The USC/UCLA Center on Biodemography and Population Health (CBPH) represents a unique and highly successful collaboration between the Davis School of Gerontology of the University of Southern California (USC) and the Multi-campus Program in Geriatric Medicine and Gerontology in the Geffen School of Medicine at the University of California at Los Angeles (UCLA), each of which focuses on research and teaching on aging. Since its inception in 1999, the CBPH has leveraged the unique combination of demographic and epidemiological expertise of the CBPH directors, along with the range of interdisciplinary expertise of CBPH faculty affiliates, to become a leader in the development of the field of biodemography. The CBPH has been at the forefront of efforts to promote theory-based integration of biological measurement into population-based studies and on-going development and validation of biological measurement protocols. The CBPH has effectively and efficiently developed infrastructure and pilot projects to improve understanding and use of biodemographic indicators, increase indicators available to population studies, support more reliable and valid collection of data across a large number of national and international surveys, help introduce genetics to demographic and economic researchers, and made advances in measurement and validation in the field of genetics/genomics that allow population surveys to keep pace with the scientific advances in this area. This application proposes a set of activities designed to (i) expand and enhance theoretical development of the field of biodemography, (ii) continue efforts to attract new and promising researchers to the field, and (iii) enhance our Center's unique role in supporting development, validation, implementation and dissemination of new and better biodemographic measurement protocols.
The specific aims of the CBPH will be to: (1) support and foster biodemographic research to understand the multiple and interacting factors that affect population health (with a particular focus on expanding and deepening our understanding of the biological pathways through which experiences and exposures over the life-course impact trajectories of health and how such influences may vary across subgroups and settings)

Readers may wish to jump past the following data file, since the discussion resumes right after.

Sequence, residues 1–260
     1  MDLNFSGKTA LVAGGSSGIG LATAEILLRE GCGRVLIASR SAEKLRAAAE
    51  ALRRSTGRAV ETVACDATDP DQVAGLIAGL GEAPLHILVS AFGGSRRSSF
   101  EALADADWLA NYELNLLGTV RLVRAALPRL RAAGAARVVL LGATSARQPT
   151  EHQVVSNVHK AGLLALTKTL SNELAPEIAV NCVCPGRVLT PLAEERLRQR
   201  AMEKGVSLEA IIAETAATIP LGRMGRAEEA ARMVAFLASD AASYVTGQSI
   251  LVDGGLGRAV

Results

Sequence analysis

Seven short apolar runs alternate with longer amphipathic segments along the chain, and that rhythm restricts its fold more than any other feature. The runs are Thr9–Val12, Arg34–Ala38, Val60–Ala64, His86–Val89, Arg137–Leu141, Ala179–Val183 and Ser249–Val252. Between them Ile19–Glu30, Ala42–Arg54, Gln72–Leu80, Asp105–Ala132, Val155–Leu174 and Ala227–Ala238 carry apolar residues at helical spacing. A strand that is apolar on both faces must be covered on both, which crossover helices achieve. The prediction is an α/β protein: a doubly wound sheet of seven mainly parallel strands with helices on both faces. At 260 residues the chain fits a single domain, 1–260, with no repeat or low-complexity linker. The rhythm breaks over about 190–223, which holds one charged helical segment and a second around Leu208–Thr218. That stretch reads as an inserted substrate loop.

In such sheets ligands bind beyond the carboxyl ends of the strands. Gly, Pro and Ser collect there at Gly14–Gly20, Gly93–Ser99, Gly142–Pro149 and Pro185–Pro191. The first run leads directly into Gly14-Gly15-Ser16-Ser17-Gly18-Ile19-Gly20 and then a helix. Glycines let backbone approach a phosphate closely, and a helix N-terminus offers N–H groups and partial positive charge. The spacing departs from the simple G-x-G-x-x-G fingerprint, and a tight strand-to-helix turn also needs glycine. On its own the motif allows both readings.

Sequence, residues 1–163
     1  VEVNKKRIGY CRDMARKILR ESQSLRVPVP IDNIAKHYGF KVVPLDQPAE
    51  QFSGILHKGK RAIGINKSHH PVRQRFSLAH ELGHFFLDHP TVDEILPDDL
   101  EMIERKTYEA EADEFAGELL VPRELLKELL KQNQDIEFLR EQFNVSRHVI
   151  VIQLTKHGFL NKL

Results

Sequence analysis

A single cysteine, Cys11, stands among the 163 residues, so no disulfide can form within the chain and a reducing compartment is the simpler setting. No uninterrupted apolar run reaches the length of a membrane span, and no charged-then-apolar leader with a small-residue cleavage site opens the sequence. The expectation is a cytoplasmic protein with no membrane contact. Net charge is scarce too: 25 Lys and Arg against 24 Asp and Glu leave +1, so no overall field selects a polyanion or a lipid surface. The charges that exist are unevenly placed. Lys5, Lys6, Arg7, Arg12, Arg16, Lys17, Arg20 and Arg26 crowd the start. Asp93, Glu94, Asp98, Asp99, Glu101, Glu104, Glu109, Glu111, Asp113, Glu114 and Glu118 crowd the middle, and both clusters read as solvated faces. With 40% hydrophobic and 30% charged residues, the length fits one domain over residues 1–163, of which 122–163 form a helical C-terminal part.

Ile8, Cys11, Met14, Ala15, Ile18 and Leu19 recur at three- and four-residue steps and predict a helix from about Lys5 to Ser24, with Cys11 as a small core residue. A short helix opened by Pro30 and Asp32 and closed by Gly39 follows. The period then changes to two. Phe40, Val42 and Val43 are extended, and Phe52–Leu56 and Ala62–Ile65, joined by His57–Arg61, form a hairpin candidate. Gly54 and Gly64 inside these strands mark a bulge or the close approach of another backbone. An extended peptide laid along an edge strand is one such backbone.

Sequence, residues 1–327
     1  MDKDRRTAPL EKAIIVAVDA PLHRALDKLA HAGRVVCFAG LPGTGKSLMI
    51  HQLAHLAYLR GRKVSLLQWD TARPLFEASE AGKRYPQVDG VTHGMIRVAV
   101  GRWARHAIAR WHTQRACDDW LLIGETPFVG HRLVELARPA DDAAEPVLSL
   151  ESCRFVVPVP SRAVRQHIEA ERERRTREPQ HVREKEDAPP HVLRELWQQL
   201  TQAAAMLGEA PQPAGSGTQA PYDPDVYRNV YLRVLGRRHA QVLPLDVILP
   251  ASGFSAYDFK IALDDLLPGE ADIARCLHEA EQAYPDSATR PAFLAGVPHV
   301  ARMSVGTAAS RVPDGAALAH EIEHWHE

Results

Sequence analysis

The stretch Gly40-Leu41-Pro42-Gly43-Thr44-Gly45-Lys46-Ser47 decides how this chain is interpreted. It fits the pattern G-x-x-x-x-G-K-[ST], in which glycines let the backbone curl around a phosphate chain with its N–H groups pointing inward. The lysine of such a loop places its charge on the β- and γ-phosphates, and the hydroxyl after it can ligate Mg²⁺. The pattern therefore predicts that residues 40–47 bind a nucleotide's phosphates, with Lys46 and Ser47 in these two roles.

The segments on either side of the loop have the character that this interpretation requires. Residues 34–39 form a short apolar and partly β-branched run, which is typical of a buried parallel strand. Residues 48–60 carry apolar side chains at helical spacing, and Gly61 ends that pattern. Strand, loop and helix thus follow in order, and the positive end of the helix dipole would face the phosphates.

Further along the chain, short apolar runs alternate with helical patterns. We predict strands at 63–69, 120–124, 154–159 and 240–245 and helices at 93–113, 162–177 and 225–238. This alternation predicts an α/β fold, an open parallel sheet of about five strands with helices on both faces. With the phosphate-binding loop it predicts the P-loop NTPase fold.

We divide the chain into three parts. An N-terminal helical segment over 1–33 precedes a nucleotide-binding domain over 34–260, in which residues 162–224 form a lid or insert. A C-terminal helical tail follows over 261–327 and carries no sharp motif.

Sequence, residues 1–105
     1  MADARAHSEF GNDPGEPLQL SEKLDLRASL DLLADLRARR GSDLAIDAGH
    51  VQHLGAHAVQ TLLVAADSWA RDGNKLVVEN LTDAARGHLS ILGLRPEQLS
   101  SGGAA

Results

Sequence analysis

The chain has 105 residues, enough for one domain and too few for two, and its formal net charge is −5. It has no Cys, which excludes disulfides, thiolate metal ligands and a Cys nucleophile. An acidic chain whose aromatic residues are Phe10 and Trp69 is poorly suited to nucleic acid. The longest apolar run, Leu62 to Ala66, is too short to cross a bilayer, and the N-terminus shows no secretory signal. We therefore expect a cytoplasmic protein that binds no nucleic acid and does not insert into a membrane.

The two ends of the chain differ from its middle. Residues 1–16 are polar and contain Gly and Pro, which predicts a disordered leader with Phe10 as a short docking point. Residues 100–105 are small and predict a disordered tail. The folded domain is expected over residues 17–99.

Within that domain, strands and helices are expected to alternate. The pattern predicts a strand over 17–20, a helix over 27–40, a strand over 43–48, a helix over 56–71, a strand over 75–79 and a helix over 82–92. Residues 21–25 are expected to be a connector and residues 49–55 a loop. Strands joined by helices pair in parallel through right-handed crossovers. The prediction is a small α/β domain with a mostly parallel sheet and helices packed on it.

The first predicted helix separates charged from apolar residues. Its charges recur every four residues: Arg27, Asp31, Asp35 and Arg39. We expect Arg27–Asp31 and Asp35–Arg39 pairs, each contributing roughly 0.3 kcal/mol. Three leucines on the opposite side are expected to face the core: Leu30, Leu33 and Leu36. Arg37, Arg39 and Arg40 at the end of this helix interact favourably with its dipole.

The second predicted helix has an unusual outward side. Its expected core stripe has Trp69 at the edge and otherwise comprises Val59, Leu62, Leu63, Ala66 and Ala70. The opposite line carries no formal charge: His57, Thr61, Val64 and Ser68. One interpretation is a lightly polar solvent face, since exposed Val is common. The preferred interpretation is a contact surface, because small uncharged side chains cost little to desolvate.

Public Health Relevance

The research supported by our Center attempts to clarify the biological pathways through which social, economic, and psychological and experiences impact health and how such influences may vary across subgroups and settings. This knowledge will increase our ability to improve health and reduce health disparities.

National Institute of Health (NIH)
Center Core Grants (P30)
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Special Emphasis Panel (ZAG1)
Program Officer
Haaga, John G
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University of Southern California
Other Specialized Schools
Los Angeles
United States
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Hu, Peifeng; Edenfield, Michael; Potter, Alan et al. (2015) Validation and modification of dried blood spot-based glycosylated hemoglobin assay for the longitudinal aging study in India. Am J Hum Biol 27:579-81
Vedhara, Kavita; Gill, Sana; Eldesouky, Lameese et al. (2015) Personality and gene expression: Do individual differences exist in the leukocyte transcriptome? Psychoneuroendocrinology 52:72-82
Levine, M E; Crimmins, E M (2014) Evidence of accelerated aging among African Americans and its implications for mortality. Soc Sci Med 118:27-32
Crimmins, Eileen; Kim, Jung Ki; McCreath, Heather et al. (2014) Validation of blood-based assays using dried blood spots for use in large population studies. Biodemography Soc Biol 60:38-48
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Levine, Morgan E; Crimmins, Eileen M; Prescott, Carol A et al. (2014) A polygenic risk score associated with measures of depressive symptoms among older adults. Biodemography Soc Biol 60:199-211
Ailshire, Jennifer A; Crimmins, Eileen M (2014) Fine particulate matter air pollution and cognitive function among older US adults. Am J Epidemiol 180:359-66
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Miller, Gregory E; Murphy, Michael L M; Cashman, Rosemary et al. (2014) Greater inflammatory activity and blunted glucocorticoid signaling in monocytes of chronically stressed caregivers. Brain Behav Immun 41:191-9
Levine, Morgan; Crimmins, Eileen (2014) Not all smokers die young: a model for hidden heterogeneity within the human population. PLoS One 9:e87403

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